MAR 17, 2022 9:00 AM PDT

Coffee May Lower Risk of Heart Failure

WRITTEN BY: Savannah Logan

According to the American Heart Association, caffeinated coffee may lower the risk of heart failure. A recent analysis in Circulation: Heart Failure combined data from three large heart disease trials to study potential lifestyle and behavioral risk factors associated with coronary heart disease, heart failure, and stroke. In all three studies, higher coffee intake was associated with a lower risk of heart failure. This benefit of coffee drinking did not apply to decaffeinated coffee, suggesting that caffeine may play a role in diminishing the risk of heart disease.

The dietary factors that may influence the risk of heart failure are not well known, unlike many other forms of heart disease. Heart failure occurs when the heart no longer has the ability to pump sufficient blood throughout the body, and it can occur for a variety of reasons. While the mechanism is unclear, coffee consumption showed a clear relationship with decreased risk.

Several other studies have shown a positive relationship between coffee consumption and heart health. Higher consumption of caffeinated coffee has been associated with a lower risk of cardiovascular disease and mortality in older adults, and a recent umbrella review found that increasing coffee consumption was associated with decreased cardiovascular and all-cause mortality in a range of populations.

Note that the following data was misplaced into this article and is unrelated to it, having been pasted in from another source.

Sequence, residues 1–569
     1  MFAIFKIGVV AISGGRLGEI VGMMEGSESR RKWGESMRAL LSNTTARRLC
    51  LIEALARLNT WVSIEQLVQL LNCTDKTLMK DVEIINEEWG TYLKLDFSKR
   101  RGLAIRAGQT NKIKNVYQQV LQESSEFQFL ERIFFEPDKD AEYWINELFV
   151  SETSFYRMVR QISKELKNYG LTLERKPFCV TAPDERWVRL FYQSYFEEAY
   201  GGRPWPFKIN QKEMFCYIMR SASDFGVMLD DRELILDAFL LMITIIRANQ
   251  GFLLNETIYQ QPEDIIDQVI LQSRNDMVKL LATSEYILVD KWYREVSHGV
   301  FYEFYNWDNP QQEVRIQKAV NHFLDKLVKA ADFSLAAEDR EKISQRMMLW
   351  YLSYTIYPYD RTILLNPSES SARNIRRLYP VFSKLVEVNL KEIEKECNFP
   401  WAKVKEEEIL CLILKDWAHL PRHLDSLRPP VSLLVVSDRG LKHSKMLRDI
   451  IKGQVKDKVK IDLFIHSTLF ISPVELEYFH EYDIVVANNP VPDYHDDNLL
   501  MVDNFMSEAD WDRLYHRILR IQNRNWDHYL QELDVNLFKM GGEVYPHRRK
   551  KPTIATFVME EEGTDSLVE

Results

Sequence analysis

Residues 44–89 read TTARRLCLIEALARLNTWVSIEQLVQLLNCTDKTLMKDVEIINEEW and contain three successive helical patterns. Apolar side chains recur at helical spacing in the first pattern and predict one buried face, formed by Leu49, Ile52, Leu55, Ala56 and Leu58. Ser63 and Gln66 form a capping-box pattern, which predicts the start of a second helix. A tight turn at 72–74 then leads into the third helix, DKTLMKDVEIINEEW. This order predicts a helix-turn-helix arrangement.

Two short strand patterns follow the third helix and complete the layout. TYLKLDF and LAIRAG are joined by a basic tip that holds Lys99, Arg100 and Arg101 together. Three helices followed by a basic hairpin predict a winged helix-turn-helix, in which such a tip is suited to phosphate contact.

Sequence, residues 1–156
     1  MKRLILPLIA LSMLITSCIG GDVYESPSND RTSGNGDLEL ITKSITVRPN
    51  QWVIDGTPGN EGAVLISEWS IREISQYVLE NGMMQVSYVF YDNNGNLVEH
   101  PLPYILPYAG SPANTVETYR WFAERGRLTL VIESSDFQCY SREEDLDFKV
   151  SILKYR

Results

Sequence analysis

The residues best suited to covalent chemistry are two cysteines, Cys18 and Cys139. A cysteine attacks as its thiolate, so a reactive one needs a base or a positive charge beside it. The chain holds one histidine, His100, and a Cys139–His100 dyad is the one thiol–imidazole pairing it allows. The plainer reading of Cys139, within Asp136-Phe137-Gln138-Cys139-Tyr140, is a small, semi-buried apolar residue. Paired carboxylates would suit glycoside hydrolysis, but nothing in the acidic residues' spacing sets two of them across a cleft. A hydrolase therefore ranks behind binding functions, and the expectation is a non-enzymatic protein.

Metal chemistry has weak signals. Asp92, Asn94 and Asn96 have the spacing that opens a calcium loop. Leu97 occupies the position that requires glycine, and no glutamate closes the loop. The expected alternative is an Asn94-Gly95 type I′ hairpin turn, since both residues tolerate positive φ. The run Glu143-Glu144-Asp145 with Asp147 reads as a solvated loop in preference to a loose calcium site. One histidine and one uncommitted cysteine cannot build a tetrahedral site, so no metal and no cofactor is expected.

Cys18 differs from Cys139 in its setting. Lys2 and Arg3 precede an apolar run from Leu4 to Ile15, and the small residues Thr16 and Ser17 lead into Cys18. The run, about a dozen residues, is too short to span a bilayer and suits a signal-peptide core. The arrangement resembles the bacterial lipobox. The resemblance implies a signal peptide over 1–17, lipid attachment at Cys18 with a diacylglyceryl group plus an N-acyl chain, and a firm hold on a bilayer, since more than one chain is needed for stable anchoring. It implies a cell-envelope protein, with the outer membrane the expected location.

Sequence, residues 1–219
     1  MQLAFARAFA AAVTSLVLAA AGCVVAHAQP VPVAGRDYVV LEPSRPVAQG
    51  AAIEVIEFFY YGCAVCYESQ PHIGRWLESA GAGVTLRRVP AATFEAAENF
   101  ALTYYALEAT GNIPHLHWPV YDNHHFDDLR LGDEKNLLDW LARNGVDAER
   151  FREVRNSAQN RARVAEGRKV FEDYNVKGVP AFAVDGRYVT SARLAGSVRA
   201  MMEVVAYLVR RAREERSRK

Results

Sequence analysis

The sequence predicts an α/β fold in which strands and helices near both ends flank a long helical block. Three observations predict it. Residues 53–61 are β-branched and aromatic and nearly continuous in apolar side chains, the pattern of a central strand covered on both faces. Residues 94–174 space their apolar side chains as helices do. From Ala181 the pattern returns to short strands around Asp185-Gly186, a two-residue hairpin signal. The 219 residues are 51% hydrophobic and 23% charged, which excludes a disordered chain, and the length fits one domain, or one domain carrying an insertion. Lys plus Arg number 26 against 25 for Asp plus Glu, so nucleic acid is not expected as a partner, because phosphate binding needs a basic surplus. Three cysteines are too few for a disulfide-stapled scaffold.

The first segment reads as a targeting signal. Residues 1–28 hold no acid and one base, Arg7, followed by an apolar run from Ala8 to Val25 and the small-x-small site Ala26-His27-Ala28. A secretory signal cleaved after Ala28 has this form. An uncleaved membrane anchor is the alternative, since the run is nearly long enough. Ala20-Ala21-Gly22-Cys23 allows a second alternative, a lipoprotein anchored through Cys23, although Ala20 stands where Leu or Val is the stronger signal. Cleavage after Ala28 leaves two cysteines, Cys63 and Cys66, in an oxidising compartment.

While caffeinated coffee showed a clear association with lower risk of heart failure, the authors of the Circulation: Heart Failure study noted that their evidence is not as strong as the evidence behind quitting smoking, losing weight, and increasing physical activity to improve heart health. Caffeinated coffee will not solve all your heart problems, but in moderation it may improve heart health as an addition to a well-balanced diet and exercise routine.

Sources: American Heart Association, Circulation: Heart Failure, Am J Cardiol, BMJ

About the Author
PhD in Biophysics
Savannah (she/her) is a scientific writer specializing in cardiology at Labroots. Her background is in medical writing with significant experience in obesity, oncology, and infectious diseases. She has conducted research in microbial biophysics, optics, and education. She received her Ph.D. from the University of Oregon.
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